The Hero's Journey is a framework that scholar Joseph Campbell came up with that many myths and stories follow. Many storytellers and story-readers find it a useful way to look at tale. (That's actually putting it lightly. Some people are straight-up obsessed.) Chris Vogler adapted Campbell's 17 stages of a hero's journey, which many screenwriters use while making movies. Vogler condensed Campbell's 17 stages down to 12, which is what we're using. Check out a general explanation of the 12 stages.
The story of Hero and Leander doesn't fit perfectly into the Hero's Journey structure, but we're giving it a shot. As the gross old saying goes, there's more than one way to skin a cat.
Leander is just your average dude, chilling out in his hometown of Abydus. On the other side of the Hellespont, Hero is busy being a virginal priestess of Aphrodite. Well, she's not that busy actually. She just kind of hangs by herself most of the time.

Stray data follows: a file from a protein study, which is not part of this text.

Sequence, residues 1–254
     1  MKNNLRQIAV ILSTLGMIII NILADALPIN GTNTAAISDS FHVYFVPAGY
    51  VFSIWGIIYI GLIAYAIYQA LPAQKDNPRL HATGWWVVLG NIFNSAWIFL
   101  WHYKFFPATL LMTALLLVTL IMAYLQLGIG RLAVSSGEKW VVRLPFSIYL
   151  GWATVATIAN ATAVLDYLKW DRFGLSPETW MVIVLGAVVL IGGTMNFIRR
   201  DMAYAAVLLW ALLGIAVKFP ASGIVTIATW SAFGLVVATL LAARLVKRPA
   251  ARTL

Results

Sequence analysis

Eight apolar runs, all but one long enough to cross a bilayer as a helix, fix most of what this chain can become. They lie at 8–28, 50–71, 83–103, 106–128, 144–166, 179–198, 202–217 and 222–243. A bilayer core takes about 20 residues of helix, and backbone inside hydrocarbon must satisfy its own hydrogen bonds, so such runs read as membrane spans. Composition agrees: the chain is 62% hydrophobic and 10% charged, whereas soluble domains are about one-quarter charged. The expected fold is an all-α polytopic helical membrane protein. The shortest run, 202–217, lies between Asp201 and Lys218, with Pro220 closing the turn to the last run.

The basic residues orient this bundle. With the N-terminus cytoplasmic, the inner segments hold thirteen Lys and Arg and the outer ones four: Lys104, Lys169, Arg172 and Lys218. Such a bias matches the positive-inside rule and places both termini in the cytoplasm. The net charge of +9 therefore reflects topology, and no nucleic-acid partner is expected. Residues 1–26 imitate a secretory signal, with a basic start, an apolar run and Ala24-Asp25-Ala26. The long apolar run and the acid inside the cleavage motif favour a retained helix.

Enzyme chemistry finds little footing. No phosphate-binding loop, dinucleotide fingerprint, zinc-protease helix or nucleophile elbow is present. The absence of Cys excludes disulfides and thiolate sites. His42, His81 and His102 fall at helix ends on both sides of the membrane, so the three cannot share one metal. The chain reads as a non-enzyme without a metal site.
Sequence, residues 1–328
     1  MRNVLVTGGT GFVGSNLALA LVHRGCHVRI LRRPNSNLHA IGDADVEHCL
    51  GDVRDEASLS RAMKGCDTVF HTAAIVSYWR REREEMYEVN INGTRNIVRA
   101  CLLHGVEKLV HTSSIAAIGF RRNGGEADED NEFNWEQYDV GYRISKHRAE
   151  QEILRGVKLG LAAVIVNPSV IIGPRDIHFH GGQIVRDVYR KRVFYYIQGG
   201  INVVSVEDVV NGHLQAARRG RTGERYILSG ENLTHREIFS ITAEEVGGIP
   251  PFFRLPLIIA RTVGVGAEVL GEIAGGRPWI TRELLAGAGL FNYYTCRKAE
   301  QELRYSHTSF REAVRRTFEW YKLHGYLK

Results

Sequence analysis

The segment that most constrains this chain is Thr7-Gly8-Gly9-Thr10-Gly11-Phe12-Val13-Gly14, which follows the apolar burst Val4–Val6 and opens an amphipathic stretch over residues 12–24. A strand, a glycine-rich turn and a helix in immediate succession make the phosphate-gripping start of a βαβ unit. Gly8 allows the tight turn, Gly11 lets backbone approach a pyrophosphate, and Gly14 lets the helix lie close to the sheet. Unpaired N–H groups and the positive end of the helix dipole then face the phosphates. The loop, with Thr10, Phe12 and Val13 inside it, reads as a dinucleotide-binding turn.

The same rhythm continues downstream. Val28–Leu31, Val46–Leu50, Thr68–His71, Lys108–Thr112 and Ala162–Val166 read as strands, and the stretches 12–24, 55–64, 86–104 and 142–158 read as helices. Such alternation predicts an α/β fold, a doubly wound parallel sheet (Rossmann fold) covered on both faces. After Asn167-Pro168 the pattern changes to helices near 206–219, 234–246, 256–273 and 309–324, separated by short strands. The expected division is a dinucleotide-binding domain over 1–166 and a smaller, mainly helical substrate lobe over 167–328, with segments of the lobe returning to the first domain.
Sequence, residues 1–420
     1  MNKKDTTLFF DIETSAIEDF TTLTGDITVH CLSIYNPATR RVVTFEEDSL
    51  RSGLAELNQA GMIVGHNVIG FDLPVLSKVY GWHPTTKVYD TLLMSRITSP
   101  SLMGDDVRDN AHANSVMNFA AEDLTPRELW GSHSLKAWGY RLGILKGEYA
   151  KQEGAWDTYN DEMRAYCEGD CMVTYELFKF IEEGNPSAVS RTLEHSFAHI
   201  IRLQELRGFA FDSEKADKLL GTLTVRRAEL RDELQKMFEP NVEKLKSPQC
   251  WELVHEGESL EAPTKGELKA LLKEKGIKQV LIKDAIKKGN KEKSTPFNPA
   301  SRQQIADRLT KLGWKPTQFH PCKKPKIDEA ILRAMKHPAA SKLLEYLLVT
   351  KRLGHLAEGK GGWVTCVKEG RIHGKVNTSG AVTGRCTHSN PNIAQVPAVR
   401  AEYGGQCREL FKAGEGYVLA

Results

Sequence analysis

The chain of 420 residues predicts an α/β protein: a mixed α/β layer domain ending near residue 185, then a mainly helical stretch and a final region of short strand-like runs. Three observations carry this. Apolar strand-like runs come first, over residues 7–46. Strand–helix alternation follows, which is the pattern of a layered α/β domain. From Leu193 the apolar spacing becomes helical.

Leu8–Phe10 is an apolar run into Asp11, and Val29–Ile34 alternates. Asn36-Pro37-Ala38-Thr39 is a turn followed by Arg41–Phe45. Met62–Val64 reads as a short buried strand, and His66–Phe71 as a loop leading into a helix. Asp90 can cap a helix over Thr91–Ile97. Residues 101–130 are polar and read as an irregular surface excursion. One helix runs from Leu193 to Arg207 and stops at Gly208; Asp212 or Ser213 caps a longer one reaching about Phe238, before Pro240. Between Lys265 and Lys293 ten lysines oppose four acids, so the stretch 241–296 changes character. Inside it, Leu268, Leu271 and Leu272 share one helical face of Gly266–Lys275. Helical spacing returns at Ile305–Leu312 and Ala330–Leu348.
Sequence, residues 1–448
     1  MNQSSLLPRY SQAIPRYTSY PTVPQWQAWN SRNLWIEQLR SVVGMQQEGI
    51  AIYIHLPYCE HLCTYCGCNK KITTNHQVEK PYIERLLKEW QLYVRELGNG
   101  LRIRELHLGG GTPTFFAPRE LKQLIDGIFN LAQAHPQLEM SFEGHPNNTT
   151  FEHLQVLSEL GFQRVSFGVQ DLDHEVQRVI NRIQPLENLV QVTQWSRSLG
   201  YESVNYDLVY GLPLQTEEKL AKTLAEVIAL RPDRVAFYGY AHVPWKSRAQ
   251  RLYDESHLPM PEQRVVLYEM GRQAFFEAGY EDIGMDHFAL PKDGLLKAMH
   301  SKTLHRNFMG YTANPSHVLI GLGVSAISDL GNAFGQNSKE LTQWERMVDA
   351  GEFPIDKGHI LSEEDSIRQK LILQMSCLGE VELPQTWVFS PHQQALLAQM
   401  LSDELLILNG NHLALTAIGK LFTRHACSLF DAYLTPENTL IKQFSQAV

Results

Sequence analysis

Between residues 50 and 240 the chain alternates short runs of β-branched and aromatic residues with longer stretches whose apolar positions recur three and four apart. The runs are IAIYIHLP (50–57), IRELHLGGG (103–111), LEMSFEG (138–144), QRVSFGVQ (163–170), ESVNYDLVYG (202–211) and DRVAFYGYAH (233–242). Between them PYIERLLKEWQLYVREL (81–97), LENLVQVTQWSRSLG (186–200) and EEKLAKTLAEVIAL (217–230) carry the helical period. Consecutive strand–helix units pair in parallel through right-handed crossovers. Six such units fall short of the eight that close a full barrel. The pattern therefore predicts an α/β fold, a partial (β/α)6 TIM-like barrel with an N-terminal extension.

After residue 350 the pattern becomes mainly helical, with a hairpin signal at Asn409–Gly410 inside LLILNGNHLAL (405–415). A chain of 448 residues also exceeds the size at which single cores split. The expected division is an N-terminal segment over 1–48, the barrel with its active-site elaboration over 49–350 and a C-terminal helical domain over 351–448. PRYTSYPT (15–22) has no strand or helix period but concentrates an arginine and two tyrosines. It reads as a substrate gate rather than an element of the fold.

When these two spot each other, it's love at first sight.
At first, Hero resists Leander's amorous advances. Guess he's not as smooth as he thought.
Leander turns into Hero's mentor of love, convincing her that any self-respecting priestess of the goddess of love shouldn't be a virgin.
Together, Hero and Leander cross the threshold of love, if you catch our drift.
Hero and Leander get along great, but the Hellespont lies between them. Their biggest enemy is this body of water that Leander has to swim across every night to be with his love.
One night, a storm blows in, whipping the Hellespont into a fury. As Leander walks down the shore toward the churning water, he knows he's in for a rough time.
Unfortunately, the wind blows out Hero's light, and Leander loses his way in rough waters and drowns.
Yeah, there's definitely no reward of any kind here—only sorrow.
There's no road back for Leander. He's totally and completely dead.
No resurrection here either. When Hero finds Leander's body on the shore, she's so overcome with grief that she kills herself. Now they're both dead.
Sorry, myth's over.